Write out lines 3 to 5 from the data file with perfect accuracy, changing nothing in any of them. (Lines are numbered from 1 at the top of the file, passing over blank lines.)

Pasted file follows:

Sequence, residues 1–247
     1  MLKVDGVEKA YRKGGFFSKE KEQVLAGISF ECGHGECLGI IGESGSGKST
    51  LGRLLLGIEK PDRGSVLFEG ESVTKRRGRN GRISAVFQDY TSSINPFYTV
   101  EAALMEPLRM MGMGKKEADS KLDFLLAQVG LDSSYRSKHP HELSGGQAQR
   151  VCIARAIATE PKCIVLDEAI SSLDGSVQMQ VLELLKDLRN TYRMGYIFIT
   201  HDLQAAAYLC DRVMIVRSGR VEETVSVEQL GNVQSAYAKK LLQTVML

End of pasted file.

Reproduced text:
    51  LGRLLLGIEK PDRGSVLFEG ESVTKRRGRN GRISAVFQDY TSSINPFYTV
   101  EAALMEPLRM MGMGKKEADS KLDFLLAQVG LDSSYRSKHP HELSGGQAQR
   151  VCIARAIATE PKCIVLDEAI SSLDGSVQMQ VLELLKDLRN TYRMGYIFIT